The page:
What Factors Affect the Color of Pus?

Pseudomonas aeruginosa bacteria, which can make blue pus.
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  • Written By: Kathleen Howard
  • Edited By: Kaci Lane Hindman
  • Last Modified Date: 21 March 2014
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Pus is a thick liquid produced as a response to infection. This liquid is primarily made up of neutrophils, or white blood cells, that fight and kill bacteria. In most cases, pus is white or yellowish in color but may also appear red, green, brown, or in very rare cases blue. The color of pus largely depends on the infection the body is fighting. Pus also varies in color depending on the other substances it contains.

While fighting an infection, the body will normally create white, yellow or clear pus. White and yellow pus is created as a response to common bacteria, including Streptococcus pyogenes and Staphylococcus aureus. This bacteria is responsible for dozens of different infections, ranging from minor skin conditions like pimples to deadly diseases like meningitis.

While the presence of light pus is common, it should not always be ignored. Since there are many serious causes of pus, the condition might need to be investigated by a medical professional. Depending on the amount of pus and severity of the condition, antibiotics might be prescribed to help fight the infection.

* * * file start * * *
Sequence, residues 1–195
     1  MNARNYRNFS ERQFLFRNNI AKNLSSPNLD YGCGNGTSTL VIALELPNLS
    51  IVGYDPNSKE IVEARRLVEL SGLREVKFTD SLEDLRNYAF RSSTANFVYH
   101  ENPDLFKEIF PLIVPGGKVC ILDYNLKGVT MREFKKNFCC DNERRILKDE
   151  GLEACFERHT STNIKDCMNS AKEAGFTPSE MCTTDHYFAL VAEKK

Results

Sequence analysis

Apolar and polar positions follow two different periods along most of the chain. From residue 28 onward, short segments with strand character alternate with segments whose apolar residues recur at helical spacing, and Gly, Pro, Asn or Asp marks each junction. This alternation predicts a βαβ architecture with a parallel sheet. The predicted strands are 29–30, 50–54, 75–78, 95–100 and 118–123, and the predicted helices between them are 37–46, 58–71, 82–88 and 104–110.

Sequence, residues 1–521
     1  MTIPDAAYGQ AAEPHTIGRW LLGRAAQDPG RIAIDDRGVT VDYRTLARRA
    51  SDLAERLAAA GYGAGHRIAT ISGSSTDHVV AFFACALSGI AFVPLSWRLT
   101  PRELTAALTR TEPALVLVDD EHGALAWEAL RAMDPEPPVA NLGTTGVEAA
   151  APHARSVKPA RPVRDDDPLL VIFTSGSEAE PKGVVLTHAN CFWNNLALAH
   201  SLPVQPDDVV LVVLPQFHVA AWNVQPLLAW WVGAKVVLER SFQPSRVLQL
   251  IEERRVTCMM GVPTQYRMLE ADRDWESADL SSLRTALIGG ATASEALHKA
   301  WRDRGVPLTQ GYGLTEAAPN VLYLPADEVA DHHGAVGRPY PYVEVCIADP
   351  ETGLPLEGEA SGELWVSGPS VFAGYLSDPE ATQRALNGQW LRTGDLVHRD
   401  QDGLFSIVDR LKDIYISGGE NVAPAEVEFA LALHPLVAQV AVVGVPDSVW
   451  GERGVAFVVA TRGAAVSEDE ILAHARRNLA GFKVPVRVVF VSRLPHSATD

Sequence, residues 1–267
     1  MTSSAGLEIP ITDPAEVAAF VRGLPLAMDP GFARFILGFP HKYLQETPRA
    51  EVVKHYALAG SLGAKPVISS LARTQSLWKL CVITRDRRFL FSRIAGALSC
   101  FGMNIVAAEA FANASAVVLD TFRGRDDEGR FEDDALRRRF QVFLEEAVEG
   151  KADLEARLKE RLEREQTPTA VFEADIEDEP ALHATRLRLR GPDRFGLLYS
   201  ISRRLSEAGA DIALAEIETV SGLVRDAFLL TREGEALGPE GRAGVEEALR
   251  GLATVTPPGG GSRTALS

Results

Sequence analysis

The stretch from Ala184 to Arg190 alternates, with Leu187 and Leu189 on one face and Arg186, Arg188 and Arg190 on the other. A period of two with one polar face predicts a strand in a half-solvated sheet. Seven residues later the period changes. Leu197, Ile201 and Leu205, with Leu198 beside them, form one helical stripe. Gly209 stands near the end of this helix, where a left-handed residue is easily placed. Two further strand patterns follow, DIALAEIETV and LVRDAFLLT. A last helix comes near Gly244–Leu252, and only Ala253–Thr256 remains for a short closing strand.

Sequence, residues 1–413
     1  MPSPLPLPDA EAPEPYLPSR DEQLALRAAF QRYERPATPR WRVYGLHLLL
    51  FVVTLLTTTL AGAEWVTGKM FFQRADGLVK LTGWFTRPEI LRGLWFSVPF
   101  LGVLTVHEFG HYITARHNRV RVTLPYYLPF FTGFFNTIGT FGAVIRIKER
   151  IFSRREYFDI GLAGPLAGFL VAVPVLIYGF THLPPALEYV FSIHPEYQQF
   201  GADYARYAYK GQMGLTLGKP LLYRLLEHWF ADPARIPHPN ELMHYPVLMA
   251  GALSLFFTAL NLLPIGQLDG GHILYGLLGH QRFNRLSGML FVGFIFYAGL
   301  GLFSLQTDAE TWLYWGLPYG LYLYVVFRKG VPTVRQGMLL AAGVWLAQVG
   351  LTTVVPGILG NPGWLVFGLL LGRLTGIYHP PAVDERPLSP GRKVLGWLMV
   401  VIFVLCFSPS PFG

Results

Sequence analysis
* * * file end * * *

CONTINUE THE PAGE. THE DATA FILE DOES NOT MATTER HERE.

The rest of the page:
Pus can also take on a reddish color. Red pus is usually due to blood mixing with the pus cells. This frequently occurs in urinary tract infections as well as certain skin infections like pimples and boils. The presence of blood does not necessarily mean that the body is having trouble fighting the infection. A reddish color of pus usually only indicates that the skin has become very irritated.

Green is another common color of pus and might mean one of two things. This pus may be caused by Corynebacterium diphtheriae, which is an uncommon infection of the upper respiratory tract. Pus can also get a green coloring from an antibacterial protein called myeloperoxidase. This brightly-colored protein is naturally produced by certain types of white blood cells.

Brown pus is a sign of an amoebic liver abscess, which is caused by the parasite Entamoeba histolytica. If left untreated, these abscesses can burst and spread the infection to the lungs, brain and heart. Symptoms of an amoebic liver abscess include abdominal pain, fever, chills, diarrhea, jaundice, joint pain and weight loss.

Blue pus is the least common of all the different types of pus. This color of pus indicates an infection caused by Pseudomonas aeruginosa, which typically infects the urinary tract, pulmonary tract, lungs, kidneys and blood. Burn wounds are especially vulnerable to Pseudomonas aeruginosa. If left untreated, these infections can become fatal.


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Post 5